So this was it. I was about to fail my PhD viva. But do you know what kept me going? The sure and certain knowledge that I had survived and passed much more terrifying oral exams than this as a languages student.
French O level. German O Level. Russian O Level. French A Level. German A Level. Even a degree in German. Oh yes, I was a sucker for terrifying oral exams. I always dreaded the oral exam as the spoken language was by far my weakest skill. I hated speaking up in class, as I felt everyone was looking at me, smirking at every error of pronunciation, laughing inwardly at every grammar mistake, stifling guffaws at my rubbish accent. By far the most dread-inspiring oral exam was actually not a summative assessment but a simple piece of coursework I did while on my year abroad in Austria as part of my German degree. I was at Salzburg University doing a class on German language and we were required to read a biography of Mozart by Wolfgang Hildesheimer auf Deutsch, natürlich, with no York Notes and no available translation. The homework we had been set was something or other about the book, I can’t remember now, but I’d scored 2=, which meant between a 2 and a 3 (scores went from 1 at the top to 5 at the bottom). Whether I would be given the 2 or the 3 was now dependent on an oral exam with the teacher, Frau Stuppnik-Bazzanella, who we referred to as Frau Sputnik-Barcelona or Frau Sputnik for short. We all loved her because she was a great teacher, was funny, fair and pronounced our names in endearing ways. But no matter how much I loved her as a teacher, the prospect of an individual 1-2-1 oral exam was horrifying. A date was arranged and I duly turned up at the appointed hour, a sacrificial lamb.
‘So,’ she said, in German, ‘tell me about the Hildesheimer book – what was your favourite part?’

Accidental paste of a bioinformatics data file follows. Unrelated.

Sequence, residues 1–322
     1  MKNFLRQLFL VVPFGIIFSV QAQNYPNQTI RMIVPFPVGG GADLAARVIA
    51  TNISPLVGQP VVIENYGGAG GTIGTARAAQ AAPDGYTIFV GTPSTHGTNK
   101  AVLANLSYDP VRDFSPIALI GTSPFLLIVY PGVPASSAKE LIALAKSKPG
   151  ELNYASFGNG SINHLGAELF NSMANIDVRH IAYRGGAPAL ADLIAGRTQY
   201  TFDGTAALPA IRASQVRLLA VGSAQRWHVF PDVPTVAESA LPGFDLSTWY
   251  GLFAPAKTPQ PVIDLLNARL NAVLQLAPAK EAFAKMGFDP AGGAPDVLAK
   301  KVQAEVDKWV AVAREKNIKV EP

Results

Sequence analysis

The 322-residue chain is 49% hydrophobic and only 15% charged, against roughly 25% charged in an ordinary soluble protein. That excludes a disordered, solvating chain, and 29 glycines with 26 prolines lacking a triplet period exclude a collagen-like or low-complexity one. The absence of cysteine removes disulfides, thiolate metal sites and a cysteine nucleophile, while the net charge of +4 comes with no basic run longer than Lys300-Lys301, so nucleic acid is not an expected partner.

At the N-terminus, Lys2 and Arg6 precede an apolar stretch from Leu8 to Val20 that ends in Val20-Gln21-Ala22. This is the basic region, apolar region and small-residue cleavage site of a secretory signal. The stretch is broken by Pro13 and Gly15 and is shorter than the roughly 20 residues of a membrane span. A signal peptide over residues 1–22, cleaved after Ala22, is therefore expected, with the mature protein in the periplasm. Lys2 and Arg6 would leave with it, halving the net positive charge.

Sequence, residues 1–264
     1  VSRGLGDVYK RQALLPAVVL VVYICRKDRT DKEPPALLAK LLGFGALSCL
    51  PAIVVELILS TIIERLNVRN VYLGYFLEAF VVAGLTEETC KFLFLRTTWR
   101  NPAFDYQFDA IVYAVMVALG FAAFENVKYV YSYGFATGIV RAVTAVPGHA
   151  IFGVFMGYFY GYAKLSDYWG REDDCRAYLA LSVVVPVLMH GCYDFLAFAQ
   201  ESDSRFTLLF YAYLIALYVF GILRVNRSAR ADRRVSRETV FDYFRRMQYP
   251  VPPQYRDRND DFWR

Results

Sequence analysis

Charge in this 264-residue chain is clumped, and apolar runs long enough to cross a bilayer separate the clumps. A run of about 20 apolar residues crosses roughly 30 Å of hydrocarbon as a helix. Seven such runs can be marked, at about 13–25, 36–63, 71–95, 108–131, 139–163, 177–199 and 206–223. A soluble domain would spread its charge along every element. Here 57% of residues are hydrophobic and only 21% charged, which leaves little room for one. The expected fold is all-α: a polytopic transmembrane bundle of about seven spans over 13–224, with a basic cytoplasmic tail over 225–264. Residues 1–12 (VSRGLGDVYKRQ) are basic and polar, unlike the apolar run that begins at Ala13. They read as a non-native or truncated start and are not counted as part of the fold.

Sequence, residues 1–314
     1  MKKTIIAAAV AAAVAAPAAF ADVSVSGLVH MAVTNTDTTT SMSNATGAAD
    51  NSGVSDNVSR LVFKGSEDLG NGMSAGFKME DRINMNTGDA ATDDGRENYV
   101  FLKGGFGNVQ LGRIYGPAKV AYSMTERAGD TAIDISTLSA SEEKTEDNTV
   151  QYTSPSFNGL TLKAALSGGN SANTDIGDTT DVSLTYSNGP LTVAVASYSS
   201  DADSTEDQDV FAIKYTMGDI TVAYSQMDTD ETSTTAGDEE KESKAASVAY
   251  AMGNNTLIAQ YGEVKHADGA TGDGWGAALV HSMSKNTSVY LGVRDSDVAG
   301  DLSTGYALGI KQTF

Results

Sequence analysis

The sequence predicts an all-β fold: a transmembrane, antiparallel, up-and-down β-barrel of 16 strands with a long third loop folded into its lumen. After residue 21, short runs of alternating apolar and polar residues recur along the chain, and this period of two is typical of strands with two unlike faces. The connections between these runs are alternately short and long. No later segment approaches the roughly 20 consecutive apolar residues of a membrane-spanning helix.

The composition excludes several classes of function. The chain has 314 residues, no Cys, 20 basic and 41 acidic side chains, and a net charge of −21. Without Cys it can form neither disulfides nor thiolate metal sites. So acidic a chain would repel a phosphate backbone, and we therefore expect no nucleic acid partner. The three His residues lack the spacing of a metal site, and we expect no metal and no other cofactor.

I was literally shaking. Favourite part? None of it was my favourite – the whole thing was a slog. It was painfully slow reading, having to look up so many words in an enormous dictionary every few minutes, and I had been forcing myself to read one or two chapters a day so I could get it finished in time for the coursework. Favourite part?
‘The bit about Mozart’s horse,’ I squeaked. Fortunately, this answer was so far from what she expected, Frau Sputnik didn’t seem to notice my faltering German.
‘His horse?’ she said. ‘I don’t remember that bit. Tell me some more about it.’
So, I had to tell her all about Mozart’s horse – he’d bought the horse because he led a very unhealthy lifestyle and his doctor had recommended that he take some exercise. Unfortunately, before he’d had much of a chance to do any riding, he had to sell it to pay off some gambling debts. (I’ll bet you never knew that about Mozart.)
Frau Sputnik laughed and it wasn’t even at my accent – it was at the story of the horse. I smiled cautiously and said I’d thought it was funny, too.
‘OK,’ she said with laughter in her eyes, ‘ich gebe dir den Zwei.’ (I’ll give you the two.’)
No oral exam could ever come close to the terror of having to discuss Mozart’s horse in German. If I could get through that, I could get through anything. Even a PhD viva. How did the questioning about the missing literature conclude?
‘I’ll have to go back and review that journal to add to the literature,’ I offered.
The tiger’s eyes twinkled and I was reminded of Frau Sputnik’s smile. ‘You don’t need to do that,’ said the examiner, ‘just take that line out. Everything else you say is fine.’